China recently unearthed again inscribed oracle bones, or inscribed tortoise shells or animal bones, of the Shang Dynasty (c. 16th-11th century BC) in Daxinzhuang Shang ruins, more than 100 years later of the nation's first discovery of inscribed animal bones and tortoise shells in Anyang City of central China's Henan Province.
This time's excavation area is located at the south-east of Daxinzhuang ruins, and 30 "tanfang" (artificial pits in dimension of 10*10 meter or 5*5 meter, as a method in archaeological works) were excavated, said professor Fang Hui of archaeological department of Shandong University at a news briefing on April 8, who is in charge of the excavation work.
The inscribed bones found this time are from four "tanfang" of Shang culture layers. Eight pieces carrying Chinese characters have been sorted out, four of them could be pieced together into a whole page, including 25 characters. They have been confirmed, through the shape of bones, character and grammar, to belong to the same group of inscriptions unearthed in Anyang City a century ago.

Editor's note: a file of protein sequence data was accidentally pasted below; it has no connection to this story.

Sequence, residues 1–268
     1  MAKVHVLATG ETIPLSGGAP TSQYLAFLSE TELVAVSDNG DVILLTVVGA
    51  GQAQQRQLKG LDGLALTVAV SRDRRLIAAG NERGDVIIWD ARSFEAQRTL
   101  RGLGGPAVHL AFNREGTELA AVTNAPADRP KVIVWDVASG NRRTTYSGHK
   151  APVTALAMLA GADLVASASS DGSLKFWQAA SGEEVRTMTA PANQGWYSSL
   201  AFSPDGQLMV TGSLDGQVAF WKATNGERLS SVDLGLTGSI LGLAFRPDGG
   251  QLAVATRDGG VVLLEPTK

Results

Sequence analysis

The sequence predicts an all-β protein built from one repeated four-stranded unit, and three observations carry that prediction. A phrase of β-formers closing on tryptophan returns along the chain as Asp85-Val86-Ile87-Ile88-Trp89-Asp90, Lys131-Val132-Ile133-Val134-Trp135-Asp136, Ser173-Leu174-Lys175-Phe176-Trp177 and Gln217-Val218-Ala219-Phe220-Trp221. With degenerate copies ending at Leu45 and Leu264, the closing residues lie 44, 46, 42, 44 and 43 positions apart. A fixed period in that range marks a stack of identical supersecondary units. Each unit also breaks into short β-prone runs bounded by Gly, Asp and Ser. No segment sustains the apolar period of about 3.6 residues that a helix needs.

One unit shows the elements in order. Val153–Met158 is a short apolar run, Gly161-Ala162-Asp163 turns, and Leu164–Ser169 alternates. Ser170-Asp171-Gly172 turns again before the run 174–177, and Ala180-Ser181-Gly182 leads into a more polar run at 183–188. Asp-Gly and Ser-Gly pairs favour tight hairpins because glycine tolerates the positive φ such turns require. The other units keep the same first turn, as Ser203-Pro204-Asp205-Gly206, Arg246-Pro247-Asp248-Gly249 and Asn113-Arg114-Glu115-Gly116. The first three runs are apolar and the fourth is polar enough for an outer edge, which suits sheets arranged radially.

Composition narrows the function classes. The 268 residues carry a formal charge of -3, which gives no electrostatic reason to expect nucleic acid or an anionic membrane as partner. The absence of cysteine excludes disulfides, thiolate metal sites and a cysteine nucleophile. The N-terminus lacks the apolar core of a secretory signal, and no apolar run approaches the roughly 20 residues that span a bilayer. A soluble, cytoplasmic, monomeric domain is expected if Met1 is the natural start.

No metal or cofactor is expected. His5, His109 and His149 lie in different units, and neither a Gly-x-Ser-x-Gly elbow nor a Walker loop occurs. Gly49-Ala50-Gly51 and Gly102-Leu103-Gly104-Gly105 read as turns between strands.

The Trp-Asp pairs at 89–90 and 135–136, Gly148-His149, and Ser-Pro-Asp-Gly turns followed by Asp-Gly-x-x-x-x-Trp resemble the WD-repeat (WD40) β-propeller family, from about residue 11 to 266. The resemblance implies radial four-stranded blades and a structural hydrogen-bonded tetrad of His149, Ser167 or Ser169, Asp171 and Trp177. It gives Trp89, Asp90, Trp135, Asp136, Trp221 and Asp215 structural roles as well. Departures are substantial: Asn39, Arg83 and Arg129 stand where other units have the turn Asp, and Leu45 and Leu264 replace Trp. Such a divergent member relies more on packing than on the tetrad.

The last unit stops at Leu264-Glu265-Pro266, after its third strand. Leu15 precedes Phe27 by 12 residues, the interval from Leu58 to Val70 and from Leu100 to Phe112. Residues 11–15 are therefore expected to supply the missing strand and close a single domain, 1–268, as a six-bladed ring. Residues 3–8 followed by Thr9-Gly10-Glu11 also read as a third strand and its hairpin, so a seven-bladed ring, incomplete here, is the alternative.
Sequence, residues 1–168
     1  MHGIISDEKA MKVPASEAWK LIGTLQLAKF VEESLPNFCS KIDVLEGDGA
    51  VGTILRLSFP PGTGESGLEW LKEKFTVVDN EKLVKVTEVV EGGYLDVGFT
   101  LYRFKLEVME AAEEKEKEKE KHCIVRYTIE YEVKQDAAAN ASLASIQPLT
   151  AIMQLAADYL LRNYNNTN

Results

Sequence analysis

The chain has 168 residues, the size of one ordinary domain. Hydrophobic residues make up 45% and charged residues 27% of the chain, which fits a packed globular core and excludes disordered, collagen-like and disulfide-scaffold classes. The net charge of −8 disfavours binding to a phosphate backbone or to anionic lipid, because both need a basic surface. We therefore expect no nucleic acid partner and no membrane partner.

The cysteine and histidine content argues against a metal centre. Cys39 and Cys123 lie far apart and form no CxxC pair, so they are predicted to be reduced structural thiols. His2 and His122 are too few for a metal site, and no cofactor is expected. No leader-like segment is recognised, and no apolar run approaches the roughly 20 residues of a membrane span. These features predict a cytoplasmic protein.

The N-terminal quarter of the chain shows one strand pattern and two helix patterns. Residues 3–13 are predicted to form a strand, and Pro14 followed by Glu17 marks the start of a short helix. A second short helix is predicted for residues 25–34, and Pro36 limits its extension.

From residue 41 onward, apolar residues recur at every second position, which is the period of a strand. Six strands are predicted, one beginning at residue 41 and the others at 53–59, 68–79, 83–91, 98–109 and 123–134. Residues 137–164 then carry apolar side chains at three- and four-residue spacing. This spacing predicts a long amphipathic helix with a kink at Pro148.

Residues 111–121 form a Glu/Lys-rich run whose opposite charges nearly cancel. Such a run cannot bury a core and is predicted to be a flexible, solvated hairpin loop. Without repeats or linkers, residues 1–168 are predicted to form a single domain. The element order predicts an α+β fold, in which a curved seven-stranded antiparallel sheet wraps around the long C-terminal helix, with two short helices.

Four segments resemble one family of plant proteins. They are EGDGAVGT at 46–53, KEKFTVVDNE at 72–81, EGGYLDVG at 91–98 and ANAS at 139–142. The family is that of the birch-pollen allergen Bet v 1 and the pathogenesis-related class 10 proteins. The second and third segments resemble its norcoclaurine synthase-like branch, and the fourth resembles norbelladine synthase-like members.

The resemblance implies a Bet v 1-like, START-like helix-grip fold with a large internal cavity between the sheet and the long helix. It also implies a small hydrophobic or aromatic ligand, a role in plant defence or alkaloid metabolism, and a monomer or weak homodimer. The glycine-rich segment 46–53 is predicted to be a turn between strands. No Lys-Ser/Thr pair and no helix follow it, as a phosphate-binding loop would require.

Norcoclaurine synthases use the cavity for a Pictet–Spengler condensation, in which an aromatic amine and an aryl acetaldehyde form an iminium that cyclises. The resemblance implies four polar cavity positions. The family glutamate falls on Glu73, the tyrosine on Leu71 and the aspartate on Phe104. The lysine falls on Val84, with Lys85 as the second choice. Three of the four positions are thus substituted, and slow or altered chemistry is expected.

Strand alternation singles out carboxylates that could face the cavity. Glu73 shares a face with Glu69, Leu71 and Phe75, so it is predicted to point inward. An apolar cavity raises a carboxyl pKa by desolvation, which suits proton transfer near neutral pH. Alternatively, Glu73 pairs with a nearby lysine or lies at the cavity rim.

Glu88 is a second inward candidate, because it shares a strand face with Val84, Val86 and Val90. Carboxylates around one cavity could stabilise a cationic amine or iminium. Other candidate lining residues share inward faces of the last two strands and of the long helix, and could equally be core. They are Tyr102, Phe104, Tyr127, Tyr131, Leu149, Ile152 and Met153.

Judging from their location, character and other data, the Daxinzhuang bones should be no later than the third-stage of Shang ruins culture, about 3200 years from today.
The first discovery of Anyang inscribed bones in 1899 shocked the world. After that archaeological workers have been searching for similar bones out of the main area of Yin ruins, but found nothing.
Li Xueqin, chief scientist of the state's research project on the history of the Xia, Shang and Zhou dynasties, was quite excited about the discovery. "Today is very important for China's archaeological works and studies, this is the second discovery 104 years later of the Anyang inscribed bones. This is a landmark in China's archaeological history and will surely cast long-term impact on studies of ancient Chinese history and oracle pieces", he said.
Located at the Licheng district of Jinan City, Shandong Province, the Daxinzhuang ruins is a relic of Shang culture founded in the 1930s. Then cultural relic departments of the province and Shandong University conducted many investigation over the site and proved an area over 300,000 square meters, the biggest Shang ruins known to the province.
(People’s Daily April 10, 2003)